In the field of KR, substantial amounts of work focus on the development of ontologies. Ontology is defined by Gruber et al. (1993) as “an explicit specification of a conceptualisation” (p. 01). A conceptualisation, in turn, is defined as “an abstract, simplified view of the world that we wish to represent for some purpose” (Gruber et al., 1993, p. 01). It comprises “the objects, concepts, and other entities that are assumed to exist in some area of interest and the relationships that hold among them” (Gruber et al., 1993). Therefore, ontology deals with questions concerning what can be said to exist, and how such entities can related to each other. Ontologies can be specified in a wide variety of languages and notations (e.g., first-order logic, prolog, LISP). The ontology of geospatial phenomena is a critical emerging research theme in GIScience (Egenhofer, 2004). According to Kuhn (2005), geospatial ontologies can be seen as ‘GIS at the type level’. That is, they should provide reasoning capabilities (spatial and non-spatial) about conceptual geospatial elements, similar to the reasoning provided by GIS about their instances.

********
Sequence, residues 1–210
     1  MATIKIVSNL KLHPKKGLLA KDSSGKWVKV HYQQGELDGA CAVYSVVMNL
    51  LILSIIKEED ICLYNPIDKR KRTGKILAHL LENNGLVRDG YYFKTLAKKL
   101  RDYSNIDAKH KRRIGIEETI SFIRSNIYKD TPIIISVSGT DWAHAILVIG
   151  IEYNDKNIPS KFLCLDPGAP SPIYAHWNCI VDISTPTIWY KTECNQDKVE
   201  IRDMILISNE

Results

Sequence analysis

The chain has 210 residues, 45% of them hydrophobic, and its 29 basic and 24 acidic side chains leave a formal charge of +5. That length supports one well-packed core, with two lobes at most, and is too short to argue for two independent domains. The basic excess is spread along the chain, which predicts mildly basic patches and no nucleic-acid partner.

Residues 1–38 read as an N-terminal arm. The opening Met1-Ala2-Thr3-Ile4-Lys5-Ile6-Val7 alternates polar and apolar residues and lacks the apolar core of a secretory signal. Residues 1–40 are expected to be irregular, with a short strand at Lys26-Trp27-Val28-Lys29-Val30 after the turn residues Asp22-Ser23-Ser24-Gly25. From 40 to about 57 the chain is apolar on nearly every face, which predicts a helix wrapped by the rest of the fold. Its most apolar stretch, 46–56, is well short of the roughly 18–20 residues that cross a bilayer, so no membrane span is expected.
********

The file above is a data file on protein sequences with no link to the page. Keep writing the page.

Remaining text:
Key Terms in this Chapter

Ontology: Method of formally representing knowledge as a set of concepts within a domain, and the relationships which hold between them.

Geographic Information Systems (GIS): A type of system designed to capture, store, manipulate, analyse, manage, and display all forms of geographic information.

Qualitative Spatial Reasoning: Field of study in computer science whose goal is to provide ways of reasoning about space without the need for precise quantitative information.